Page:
You have a great deal going on here and many great ideas. I think that being able to streamline and focus on what it is you want to say would be a very good start in terms of producing quality work. It's there. Your enthusiasm and zeal are testaments to good work, but some paring down of ideas and precision of thought is going to be needed. In terms of Rockwell's painting, I think that you can get many ideas about your theme of education and individual identity. The painting itself shows the girl, Bridges, as being completely distinct from all others. Naturally, her race is a part of this, but there is more. Her walk to school was one where she says she was being escorted by "prayers" and there is a transcendent quality present. It is the trait of seeking an education and the hope and power to transform what is into what should be. She was told by her mother that she was going to a "new school" and that she needed to behave. The bond she ended up forming with her teacher who hugged the little girl each morning and worked after hours to make sure she was caught up is living proof of how education can help develop who we are as human beings and individuals. When Bridges says that she started modeling her teacher's New England accent of their work, I think that this is proof that education can provide the foundation to transform our identities. In 1960, few would have thought that the six year old walking to school amidst jeers and death threats would be lecturing at the Harvard Divinity School, confirmation that education can provide our freedom to become individuals capable of great things.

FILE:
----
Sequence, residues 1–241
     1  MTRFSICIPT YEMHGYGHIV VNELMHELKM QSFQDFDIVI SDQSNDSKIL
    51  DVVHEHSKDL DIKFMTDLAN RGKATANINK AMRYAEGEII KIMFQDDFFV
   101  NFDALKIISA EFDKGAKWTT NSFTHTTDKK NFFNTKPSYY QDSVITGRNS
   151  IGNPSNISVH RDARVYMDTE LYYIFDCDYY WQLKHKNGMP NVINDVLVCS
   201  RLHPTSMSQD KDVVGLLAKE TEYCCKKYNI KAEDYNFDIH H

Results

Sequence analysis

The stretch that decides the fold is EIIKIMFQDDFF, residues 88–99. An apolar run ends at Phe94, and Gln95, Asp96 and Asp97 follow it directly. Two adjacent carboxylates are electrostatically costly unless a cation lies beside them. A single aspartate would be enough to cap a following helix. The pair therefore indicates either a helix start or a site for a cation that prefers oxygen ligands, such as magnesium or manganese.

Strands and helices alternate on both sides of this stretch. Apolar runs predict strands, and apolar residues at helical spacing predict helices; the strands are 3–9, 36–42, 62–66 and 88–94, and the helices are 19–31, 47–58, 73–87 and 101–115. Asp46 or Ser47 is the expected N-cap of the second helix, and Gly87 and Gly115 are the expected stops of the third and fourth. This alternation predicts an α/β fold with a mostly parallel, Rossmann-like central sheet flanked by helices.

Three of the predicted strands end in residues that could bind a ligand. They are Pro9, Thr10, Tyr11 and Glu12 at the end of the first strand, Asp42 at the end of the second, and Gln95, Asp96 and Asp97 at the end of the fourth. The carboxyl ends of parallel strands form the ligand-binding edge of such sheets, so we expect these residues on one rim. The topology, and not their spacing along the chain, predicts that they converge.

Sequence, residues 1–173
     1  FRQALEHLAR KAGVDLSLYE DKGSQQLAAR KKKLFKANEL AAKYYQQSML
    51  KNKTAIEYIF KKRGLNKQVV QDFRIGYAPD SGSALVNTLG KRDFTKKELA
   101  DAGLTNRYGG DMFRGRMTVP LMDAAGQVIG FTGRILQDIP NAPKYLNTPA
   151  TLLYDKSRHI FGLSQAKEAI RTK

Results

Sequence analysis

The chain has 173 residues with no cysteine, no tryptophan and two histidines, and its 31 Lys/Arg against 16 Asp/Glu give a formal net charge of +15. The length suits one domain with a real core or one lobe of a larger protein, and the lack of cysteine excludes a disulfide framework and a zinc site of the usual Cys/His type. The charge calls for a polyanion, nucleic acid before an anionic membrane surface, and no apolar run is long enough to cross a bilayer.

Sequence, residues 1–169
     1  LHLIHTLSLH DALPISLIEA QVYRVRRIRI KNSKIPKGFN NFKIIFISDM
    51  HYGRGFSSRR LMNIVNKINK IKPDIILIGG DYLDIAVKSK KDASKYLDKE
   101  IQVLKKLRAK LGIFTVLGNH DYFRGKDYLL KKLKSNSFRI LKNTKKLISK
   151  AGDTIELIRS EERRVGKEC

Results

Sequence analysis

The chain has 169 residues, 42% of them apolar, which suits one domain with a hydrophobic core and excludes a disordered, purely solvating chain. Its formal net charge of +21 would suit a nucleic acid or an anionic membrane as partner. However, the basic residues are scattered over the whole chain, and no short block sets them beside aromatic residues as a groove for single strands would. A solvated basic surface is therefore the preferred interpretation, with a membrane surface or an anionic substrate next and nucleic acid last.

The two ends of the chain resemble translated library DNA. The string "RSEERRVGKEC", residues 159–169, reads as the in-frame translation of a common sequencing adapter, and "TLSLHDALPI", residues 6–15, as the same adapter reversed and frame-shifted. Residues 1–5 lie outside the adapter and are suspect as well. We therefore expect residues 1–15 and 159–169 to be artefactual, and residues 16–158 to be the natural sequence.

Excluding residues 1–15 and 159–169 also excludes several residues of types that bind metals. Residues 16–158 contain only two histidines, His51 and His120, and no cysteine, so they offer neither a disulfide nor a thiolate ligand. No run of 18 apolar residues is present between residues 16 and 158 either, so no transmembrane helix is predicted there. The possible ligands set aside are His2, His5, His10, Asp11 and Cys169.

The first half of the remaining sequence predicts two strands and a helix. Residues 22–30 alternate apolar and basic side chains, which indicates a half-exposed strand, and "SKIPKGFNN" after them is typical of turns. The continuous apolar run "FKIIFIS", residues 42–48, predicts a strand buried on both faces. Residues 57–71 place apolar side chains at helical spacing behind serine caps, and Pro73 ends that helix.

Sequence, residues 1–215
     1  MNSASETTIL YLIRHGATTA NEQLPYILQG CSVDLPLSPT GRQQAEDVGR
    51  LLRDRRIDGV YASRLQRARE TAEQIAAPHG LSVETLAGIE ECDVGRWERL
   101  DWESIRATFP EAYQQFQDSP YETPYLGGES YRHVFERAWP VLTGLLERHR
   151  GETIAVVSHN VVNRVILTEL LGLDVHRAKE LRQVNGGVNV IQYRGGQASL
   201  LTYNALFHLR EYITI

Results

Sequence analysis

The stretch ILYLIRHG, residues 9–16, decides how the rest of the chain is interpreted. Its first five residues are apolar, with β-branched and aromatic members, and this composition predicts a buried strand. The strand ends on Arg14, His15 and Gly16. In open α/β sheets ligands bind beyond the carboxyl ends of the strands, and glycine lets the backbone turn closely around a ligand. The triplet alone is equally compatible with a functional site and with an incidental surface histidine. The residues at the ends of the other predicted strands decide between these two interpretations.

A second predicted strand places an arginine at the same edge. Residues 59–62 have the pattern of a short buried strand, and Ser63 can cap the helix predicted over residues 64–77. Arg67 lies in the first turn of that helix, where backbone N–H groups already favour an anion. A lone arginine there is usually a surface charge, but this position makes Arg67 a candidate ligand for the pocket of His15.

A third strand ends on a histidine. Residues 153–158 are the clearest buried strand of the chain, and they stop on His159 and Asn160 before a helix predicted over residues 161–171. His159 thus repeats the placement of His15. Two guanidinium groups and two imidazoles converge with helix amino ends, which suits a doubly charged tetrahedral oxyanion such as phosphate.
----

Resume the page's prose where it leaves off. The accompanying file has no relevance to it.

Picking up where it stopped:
The search for an art sample that might assist you is going to be quite lengthy, as there is much to help you. Films that emphasize education as part of a process to become individuals that can do great things would be as varied as "To Sir, With Love," "Educating Rita," or "Stand and Deliver." There is an enotes discussion forum with what films individuals feel are great teaching films. I think you might want to check this out for further detail.
I'm really struggling to understand what you are getting at here, but I'll take a swing at something and just bat around a few ideas I have that might help. Rockwell is my absolute favorite artist, so I love the Ruby Bridges idea. What I'm considering since you are stuck on your idea is this: What if you focused on soemthing about the need to be given the opportunity to learn. Ruby Bridges would work for this, and I'm thinking the play or movie The Miracle Worker about Helen Keller and Anne Sullivan. While it might have taken its title from a piece within it, I believe that I Know Why the Caged Bird Sings is actually a book, but there might be something in it that could tie to the idea of being given the opportunity to become educated. To Kill a Mockingbird could work if you wanted to tie these works into student/teacher relationships. Scott had issues with her teacher's expectations that tried to dumb her down.
My advice is to really try and figure out what you want to say about education, and then we can figure out what works you need.
I like the theme altered by mwestwood, but I am not seeing how this wouldl work for the poem "I know why the caged bird sings."
any insight? the first step in my work is having my profession tie to one of the preselectedl literature choices. there are other selections to choose from if I can't get this one to work. But, it seems like it should, I just haven't quite gotten it yet.